• 30/12/07
  • Comments: 3

Hi, I have been trying to do a local diet for about 8 months now in South Lanarkshire.
I originally defined local as from Scotland, but laterally have reduced this to about
a 30 Mile radius from my house.

As I was doing this off my own back, I was delighted to hear Mike being interviewed on Radio Scotland recently. It meant I could find others in Scotland who where interested in real pragmatic methods of sustainable living allowing sharing of ideas.

What kick started my big change was moving out of inner city Glasgow to a house and
garden about a year ago. Gardens give you more room to experiment with many ideas.

Here is a list of things I have dabbled with so far and will be writing about shortly:

  • Developing an organic fruit, veg and herb garden.
  • Perennial Vegetable beds
  • Seed saving and seed security and diversity
  • Fermenting beers, wines, vinegars, sour pickles and cheese making.
  • Wild Pickings.
  • Practical Alternatives to things we cannot buy locally.
  • Practical Home-brew Renewables. Making windmills and solar water systems (if anybody is interested)
    • Seed swaps and Culture swaps (Vinegar mothers etc.)

    Since I have been asked for some local suppliers on the west side of Scotland, I have
    listed what my family had for dinner at Christmas. This contains links to most of the
    suppliers I currently use. I would recommend all of them happily.

    Brunch
    Black pudding: Overton Farmhttp://freespace.virgin.net/gibson.nellfield/producers/producers.html)

    Smoked Bacon: Fencebay(http://www.fencebay.co.uk)

    Eggs: Clyde Organics

    Tottie scones: Homemade (flour Doves Farm England, Potatoes SOG Ayrshire)
    (http://www.organicgrowing.com/index.php)

    Dinner

    Potatoes: SOG Link as above

    Chipolata sausage rolled in beech smoked bacon:Blackmount organics

    and fencebay
    (http://www.blackmountfoods.com/)
    
    Brussel sprouts (sanda): Grown in Garden (http://www.realseeds.co.uk/sprouts.html)
    
    Carrots Blanc a Collet Vert & Giant Red: Grown in Garden (http://www.realseeds.co.uk/carrots.html)
    
    Turkey: Blackmount Organics See above
    Venison Steaks:  http://www.carmichael.co.uk/venison/index.htm
    
    sage & onion stuffing: Sage and onions from Garden Bread crumbs
    from homemade bread (doves farm flour)
    
    Bread: As above
    
    Ice cream: Thorntonhall Ice cream
    (http://www.thorntonhallicecream.co.uk/index.htm)
    
    Honey: arranview apiaries Fairlie Ayrshire.
    
    Cheese board
    Smoky Garlic: Arran Cheese shop.
    Old smoky, Apple smoked, Plain Jane: Isle of Kintyre Cheeses
    Lanark Blue cheese
    
    Drinks
    
    Scottish Malt Whisky: Isle of arran (http://www.arranwhisky.com/)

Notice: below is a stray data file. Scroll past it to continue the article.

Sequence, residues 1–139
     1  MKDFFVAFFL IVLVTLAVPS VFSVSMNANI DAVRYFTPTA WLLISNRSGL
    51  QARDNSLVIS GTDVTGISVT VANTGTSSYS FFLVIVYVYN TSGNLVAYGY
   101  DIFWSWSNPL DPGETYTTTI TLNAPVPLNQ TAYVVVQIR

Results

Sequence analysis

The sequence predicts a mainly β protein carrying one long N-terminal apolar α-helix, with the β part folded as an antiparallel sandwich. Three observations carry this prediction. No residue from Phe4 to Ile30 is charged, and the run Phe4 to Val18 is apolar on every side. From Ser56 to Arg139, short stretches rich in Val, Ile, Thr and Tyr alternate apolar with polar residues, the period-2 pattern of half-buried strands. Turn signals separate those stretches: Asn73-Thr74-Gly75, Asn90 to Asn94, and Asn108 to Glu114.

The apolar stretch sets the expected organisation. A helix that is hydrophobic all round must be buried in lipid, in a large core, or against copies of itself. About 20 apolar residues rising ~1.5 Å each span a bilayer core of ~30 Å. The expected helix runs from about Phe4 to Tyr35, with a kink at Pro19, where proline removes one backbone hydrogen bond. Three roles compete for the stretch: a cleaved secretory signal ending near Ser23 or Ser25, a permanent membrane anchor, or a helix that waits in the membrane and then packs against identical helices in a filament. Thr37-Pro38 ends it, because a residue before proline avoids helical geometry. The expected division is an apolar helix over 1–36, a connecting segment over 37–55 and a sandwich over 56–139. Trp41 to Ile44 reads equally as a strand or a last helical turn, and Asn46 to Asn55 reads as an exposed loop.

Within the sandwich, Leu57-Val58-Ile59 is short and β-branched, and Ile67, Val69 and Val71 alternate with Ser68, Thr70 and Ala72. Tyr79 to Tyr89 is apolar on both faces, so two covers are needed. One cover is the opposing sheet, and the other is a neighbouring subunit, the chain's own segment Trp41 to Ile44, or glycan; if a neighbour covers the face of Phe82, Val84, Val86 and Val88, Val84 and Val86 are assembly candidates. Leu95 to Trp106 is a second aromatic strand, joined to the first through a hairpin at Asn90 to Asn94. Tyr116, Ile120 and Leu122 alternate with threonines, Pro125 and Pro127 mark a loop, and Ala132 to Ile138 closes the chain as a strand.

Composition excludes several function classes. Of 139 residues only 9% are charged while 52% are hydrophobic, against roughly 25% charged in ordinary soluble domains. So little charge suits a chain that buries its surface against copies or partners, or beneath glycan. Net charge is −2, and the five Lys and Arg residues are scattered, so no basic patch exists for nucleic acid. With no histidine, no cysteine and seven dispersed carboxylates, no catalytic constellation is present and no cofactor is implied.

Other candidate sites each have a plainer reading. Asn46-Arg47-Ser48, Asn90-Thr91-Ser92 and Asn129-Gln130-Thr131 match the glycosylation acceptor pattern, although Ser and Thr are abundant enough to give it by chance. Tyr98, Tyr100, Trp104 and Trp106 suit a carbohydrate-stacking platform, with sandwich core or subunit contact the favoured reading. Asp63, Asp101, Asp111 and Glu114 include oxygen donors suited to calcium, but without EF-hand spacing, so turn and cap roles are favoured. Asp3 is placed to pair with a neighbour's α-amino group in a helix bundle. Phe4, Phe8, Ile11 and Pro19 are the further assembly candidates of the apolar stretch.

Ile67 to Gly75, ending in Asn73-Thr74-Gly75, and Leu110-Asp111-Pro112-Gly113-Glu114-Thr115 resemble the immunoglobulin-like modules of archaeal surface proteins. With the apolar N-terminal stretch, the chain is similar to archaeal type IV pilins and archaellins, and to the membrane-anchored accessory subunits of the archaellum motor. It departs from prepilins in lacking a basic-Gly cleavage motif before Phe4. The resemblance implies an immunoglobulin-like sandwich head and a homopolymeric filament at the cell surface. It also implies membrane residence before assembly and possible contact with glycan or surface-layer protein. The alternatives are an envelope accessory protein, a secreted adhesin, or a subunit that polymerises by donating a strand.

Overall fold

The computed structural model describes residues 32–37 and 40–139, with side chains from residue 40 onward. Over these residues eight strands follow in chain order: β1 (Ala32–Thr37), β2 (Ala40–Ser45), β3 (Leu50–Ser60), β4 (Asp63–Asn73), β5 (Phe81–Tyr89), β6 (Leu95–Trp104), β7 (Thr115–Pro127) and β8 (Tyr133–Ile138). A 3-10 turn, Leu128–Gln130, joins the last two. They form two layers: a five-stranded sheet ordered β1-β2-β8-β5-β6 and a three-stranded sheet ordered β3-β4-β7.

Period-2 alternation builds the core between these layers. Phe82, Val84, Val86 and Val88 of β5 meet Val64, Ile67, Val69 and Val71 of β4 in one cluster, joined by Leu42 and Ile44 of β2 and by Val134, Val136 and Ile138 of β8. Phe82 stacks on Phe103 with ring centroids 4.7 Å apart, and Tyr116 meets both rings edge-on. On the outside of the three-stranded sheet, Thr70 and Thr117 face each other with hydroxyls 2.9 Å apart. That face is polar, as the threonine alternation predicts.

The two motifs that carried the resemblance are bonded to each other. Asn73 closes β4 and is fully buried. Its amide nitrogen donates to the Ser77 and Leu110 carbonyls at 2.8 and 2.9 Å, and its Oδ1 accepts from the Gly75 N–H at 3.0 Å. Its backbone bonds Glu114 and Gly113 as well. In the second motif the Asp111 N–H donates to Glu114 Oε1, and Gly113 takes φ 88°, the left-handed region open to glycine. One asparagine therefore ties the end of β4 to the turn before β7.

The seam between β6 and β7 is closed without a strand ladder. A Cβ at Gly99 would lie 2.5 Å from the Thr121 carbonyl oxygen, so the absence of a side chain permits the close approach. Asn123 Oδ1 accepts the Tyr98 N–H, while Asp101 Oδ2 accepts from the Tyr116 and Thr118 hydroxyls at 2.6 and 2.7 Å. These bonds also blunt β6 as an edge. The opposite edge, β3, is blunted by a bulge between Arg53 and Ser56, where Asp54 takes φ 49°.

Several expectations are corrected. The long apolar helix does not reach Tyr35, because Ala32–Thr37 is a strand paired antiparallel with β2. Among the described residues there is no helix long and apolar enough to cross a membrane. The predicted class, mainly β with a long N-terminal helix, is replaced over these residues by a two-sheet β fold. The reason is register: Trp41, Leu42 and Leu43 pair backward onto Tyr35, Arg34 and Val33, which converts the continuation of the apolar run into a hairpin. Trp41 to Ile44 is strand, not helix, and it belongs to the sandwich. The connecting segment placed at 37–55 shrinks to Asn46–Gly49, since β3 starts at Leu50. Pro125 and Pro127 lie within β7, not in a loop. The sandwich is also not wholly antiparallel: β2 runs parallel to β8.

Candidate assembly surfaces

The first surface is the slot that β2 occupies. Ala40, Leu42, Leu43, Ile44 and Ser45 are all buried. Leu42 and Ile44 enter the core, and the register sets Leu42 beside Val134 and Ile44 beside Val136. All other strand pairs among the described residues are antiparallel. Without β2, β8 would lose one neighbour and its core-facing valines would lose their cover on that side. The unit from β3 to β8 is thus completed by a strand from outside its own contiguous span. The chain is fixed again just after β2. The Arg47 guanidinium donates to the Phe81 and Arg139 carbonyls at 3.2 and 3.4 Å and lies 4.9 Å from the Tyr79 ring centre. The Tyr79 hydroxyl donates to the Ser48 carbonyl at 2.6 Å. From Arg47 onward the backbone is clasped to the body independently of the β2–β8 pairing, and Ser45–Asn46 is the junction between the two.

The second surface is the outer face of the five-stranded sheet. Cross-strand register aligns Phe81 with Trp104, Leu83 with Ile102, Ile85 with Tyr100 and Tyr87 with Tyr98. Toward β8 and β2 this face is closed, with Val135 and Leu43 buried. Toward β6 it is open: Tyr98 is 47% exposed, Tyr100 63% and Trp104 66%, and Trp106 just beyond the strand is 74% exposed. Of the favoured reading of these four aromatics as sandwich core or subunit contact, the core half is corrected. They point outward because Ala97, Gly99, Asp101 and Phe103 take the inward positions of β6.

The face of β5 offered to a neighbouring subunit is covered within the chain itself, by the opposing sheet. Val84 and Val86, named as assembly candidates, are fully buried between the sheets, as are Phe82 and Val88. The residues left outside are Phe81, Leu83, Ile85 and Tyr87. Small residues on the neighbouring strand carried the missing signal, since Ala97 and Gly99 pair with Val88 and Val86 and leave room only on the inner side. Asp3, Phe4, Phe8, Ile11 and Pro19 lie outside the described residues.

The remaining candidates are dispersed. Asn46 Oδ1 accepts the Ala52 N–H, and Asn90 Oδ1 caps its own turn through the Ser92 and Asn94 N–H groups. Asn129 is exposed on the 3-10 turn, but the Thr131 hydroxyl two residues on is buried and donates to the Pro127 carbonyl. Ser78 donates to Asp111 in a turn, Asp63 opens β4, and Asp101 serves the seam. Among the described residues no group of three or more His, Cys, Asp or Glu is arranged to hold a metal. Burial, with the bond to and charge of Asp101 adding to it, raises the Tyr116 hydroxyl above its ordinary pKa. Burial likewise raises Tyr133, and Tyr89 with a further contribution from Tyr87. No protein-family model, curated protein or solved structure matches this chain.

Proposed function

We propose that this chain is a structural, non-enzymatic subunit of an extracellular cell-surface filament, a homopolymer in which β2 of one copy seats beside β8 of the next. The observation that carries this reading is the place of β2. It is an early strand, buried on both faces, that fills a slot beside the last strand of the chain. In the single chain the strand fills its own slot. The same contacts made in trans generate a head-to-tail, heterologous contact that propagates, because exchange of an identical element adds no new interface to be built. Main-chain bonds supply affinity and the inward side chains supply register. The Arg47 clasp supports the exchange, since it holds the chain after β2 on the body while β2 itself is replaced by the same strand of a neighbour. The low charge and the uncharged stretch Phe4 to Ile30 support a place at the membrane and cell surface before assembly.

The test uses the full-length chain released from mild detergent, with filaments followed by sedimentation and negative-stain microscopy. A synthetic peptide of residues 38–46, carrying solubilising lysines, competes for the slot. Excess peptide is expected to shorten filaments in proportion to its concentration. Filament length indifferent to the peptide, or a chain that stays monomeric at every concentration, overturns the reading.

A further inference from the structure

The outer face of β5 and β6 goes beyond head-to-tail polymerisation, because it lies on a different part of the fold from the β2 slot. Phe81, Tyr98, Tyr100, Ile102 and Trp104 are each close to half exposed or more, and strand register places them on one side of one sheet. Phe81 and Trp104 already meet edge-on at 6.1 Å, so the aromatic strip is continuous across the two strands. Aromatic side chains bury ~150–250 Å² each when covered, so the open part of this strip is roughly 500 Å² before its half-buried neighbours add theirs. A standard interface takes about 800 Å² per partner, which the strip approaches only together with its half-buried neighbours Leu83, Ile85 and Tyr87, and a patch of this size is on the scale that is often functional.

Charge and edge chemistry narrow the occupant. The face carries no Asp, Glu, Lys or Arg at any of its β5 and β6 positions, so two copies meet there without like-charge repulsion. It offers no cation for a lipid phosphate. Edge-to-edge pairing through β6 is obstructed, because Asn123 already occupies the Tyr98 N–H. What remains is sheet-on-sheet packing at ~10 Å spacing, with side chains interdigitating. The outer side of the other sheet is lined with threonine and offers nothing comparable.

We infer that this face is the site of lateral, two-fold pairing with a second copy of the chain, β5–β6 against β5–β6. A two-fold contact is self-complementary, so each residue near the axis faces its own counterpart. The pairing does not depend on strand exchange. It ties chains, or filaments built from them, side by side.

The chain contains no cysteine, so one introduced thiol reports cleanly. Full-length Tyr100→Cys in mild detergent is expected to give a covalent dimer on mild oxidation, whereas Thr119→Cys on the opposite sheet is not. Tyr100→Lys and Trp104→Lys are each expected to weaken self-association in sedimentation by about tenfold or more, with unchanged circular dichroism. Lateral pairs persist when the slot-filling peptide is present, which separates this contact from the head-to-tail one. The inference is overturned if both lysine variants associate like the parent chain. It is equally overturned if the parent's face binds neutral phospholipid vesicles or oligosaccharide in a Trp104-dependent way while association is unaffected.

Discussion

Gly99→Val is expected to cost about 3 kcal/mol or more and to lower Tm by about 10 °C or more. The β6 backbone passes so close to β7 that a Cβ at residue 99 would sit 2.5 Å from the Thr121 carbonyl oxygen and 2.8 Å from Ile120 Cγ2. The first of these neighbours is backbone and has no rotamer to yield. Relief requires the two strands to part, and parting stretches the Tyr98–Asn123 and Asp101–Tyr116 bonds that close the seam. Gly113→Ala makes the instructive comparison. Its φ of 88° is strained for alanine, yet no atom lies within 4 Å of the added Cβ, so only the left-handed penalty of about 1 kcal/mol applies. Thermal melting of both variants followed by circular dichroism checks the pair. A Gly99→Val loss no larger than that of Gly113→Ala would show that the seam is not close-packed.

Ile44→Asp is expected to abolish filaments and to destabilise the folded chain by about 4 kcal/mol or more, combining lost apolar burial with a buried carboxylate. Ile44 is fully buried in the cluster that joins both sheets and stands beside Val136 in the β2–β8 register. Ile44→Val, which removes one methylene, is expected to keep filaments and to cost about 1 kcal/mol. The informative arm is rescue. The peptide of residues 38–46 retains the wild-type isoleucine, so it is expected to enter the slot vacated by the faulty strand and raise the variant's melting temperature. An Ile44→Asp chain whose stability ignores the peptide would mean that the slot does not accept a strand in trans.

Beer: Four crates of different beers from Craigmill BreweriesStathaven
    (http://www.strathavenales.co.uk/) The 80/- Ale is brilliant!
    Wine: Some homebrew ones and I cheated on a few Organic ones from France (well it was Christmas)
    
    
    Matthew
    
    
3 Comments
  • S January 7, 2008 at 17:16

    The carbon-footprint expert Chris Goodall has a very good article here – well worth a read.

    http://www.carboncommentary.com/2007/09/15/7

  • fifediet January 5, 2008 at 19:59

    Thanks for your comment. You are of course right and these things are complex. For example a vegetarian diet based on soya products may have come from across the world and the soya may have been grown in areas deforested for plantation. So its not always clear-cut and ‘food miles’ is not a simple issue.

    I have to agree ‘the most pressing issue of our time is surely climate change’. Some farmers (like Pete Ritchie in Lothian) have started to carbon offset their beef at source, to a local environmental community project. One possible answer.

    Mike

  • S January 5, 2008 at 19:31

    I think the local diet idea is a great way to get people thinking about food in a more sustainable way.

    But the most pressing issue of our time is surely climate change, and the worst food culprits for greenhouse gases emissions are beef, other meats, and dairy products. Sure, eating local and organic beef helps a little bit, but the real solution is to eat less meat, especially beef. Imported lentils have a much smaller carbon footprint than local beef – its a fact.

    So if your local diet involves increased red meat consumption, the chances are that it means that your carbon footprint has increased!

    See http://www.bbc.co.uk/blogs/newsnight/2007/02/meet_daisy_the_cow_global_climates_enemy_number_on.html